What We Do
WE ARE BIG BROTHERS BIG SISTERS OF LANGLEY
We create mentoring relationships that change young people’s lives. With training and professional support, Big Brothers Big Sisters mentors form strong positive relationships with their mentees that express care, challenge growth, provide support, share power, and expand possibilities.
Search Institute has identified five elements that make relationships powerful in young people’s lives. We refer to this as the developmental relationships framework.
WE CHANGE young people’s LIVES
THE COST OF DOING NOTHING
Potential. It exists in every kid. Yet many children and youth struggle with societal barriers and face adversities such as poverty, family instability, and identity-based discrimination. These adversities can negatively impact a young person’s future.
Mentoring relationships change young people’s lives. With training and professional support, Big Brothers Big Sisters mentors form strong positive relationships with their mentees that express care, challenge growth, share power, and expand possibilities.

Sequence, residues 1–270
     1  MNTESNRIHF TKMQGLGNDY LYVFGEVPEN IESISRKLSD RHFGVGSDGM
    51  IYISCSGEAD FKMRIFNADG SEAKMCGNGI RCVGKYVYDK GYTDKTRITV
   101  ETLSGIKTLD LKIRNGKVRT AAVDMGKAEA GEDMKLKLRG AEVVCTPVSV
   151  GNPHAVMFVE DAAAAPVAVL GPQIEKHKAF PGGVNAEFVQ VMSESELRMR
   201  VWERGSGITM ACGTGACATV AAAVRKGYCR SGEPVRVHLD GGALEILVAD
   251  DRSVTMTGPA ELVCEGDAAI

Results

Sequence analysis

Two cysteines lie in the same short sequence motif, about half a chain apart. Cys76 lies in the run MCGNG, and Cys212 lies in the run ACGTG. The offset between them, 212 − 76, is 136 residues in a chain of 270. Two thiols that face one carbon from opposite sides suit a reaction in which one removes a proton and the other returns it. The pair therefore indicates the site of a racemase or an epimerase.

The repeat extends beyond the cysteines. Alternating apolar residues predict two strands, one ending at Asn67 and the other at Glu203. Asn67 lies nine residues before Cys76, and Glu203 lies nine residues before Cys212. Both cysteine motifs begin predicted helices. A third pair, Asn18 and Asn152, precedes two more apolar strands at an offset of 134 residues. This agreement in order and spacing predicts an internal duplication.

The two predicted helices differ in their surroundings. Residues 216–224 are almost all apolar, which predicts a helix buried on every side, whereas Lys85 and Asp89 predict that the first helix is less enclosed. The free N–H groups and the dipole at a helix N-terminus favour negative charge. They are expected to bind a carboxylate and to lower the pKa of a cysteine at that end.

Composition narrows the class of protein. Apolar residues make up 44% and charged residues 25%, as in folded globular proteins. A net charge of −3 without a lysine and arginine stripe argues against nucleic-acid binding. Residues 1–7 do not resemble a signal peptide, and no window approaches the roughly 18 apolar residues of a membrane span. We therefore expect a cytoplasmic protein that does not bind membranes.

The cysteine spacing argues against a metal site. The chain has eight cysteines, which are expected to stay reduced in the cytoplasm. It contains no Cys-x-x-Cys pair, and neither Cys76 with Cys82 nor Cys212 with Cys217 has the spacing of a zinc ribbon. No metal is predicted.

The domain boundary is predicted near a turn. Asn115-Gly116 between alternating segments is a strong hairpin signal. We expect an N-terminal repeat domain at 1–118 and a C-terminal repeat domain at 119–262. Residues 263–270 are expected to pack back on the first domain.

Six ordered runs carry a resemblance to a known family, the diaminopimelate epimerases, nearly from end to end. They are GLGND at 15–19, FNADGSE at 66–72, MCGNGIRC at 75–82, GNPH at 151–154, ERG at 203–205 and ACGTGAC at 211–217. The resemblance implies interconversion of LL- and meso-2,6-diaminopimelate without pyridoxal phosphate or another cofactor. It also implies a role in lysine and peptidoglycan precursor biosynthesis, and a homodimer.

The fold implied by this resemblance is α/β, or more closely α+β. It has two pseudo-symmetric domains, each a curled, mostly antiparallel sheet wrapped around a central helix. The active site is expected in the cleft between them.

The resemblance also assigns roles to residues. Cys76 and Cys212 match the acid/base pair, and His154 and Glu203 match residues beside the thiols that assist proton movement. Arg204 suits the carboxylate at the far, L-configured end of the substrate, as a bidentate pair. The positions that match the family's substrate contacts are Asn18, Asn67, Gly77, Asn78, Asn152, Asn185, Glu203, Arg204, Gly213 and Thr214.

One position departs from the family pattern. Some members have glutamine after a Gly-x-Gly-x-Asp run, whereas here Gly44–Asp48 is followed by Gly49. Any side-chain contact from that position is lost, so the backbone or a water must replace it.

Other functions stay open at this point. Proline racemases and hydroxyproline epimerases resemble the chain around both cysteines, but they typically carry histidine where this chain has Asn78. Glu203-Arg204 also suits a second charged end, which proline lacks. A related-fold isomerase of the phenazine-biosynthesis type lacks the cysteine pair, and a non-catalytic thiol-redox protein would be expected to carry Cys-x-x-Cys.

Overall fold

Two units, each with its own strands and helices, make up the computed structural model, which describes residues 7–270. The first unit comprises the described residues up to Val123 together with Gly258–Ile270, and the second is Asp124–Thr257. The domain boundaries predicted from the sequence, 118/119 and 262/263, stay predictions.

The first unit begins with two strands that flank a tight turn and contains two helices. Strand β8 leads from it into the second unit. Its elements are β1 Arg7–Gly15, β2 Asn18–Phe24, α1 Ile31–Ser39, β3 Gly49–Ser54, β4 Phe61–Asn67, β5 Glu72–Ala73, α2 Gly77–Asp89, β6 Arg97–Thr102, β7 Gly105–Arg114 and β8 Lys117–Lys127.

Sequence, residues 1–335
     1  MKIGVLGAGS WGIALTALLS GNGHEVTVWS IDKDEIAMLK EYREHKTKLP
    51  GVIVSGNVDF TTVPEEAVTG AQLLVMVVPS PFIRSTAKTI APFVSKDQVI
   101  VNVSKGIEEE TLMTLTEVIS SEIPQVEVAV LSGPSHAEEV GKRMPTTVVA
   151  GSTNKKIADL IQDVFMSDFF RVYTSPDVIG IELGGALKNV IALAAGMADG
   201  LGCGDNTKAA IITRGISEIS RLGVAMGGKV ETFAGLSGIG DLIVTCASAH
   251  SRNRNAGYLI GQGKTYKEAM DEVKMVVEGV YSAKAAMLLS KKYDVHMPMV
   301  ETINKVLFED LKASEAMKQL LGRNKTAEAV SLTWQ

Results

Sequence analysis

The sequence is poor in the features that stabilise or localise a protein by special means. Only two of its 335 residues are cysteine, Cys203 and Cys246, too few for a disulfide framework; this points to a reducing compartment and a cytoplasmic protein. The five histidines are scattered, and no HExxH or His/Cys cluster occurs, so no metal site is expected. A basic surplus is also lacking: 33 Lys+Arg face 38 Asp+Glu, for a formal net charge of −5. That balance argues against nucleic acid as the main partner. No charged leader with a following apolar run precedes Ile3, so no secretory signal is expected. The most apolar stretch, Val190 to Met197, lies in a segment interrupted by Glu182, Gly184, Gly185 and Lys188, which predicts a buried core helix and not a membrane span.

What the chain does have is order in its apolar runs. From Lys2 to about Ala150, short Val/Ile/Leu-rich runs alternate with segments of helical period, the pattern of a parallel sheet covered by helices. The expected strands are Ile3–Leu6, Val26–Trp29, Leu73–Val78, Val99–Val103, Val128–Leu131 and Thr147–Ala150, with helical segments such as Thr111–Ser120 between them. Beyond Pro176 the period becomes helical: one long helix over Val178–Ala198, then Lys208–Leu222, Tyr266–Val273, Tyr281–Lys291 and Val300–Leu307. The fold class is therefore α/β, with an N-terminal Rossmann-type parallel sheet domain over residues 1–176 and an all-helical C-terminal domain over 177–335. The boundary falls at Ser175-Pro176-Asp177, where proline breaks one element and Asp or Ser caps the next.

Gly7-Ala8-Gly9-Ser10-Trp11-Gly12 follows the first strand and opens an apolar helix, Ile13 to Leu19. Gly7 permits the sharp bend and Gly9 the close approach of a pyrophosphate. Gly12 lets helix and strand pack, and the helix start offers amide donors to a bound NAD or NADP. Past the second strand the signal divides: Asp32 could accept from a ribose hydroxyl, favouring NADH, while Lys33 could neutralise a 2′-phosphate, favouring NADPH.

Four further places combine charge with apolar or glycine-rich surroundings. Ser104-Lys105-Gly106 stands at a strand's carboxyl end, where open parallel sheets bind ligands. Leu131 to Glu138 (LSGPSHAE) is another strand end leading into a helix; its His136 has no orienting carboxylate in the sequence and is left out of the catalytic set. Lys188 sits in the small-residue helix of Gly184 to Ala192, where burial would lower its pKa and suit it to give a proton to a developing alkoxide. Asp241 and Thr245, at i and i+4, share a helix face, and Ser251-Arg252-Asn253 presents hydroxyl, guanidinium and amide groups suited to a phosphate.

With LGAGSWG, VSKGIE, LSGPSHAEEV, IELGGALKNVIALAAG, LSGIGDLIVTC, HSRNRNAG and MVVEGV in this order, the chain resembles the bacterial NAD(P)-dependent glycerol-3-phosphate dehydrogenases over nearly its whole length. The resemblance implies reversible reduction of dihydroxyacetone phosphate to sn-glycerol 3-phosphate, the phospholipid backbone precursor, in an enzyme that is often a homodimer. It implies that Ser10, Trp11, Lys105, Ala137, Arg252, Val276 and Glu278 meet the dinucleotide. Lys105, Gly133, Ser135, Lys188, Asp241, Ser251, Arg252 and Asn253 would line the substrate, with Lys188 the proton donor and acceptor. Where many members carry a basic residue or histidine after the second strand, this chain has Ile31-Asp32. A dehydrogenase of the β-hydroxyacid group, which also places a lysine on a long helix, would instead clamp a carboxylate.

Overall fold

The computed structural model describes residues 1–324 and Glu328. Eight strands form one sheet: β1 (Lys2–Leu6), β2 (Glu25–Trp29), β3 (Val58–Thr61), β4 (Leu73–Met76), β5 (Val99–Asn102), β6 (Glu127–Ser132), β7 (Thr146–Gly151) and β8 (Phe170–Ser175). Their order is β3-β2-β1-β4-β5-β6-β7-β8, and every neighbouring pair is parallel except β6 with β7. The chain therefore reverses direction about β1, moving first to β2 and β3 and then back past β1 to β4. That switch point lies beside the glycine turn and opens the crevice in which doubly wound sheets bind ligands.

CHANGING TWO LIVES
Mentees and mentors alike benefit from these professionally supported relationships. When you’re there for a young person as they grow up, you learn just as much as they do.
WHICH LEADS TO BETTER FUTURES
HOW DO WE DO IT?
BBBS creates individual and group mentoring relationships amongst adults and youth.
Mentorship is a two-way, learning and development partnership where the young person needs are placed at the centre.
Because young people’s brains are still developing, mentoring can support that process through back-and-forth interaction like the volley in a good game of ping-pong.
Mentoring is an important way to give youth experience with these essential back-and-forth relationships, developing them into healthy young people better able to deal with and overcome life’s adversities.
THE STEPS TO SUCCESSFUL MENTORING
We have a comprehensive infrastructure for supporting mentorship partnerships: detailed legal screening of mentors to ensure child safety; a broad network of professional staff supporting mentors and volunteers; systems for selecting, approving and supporting volunteers; referring families to agencies that provide other services if required for the mentee and their family.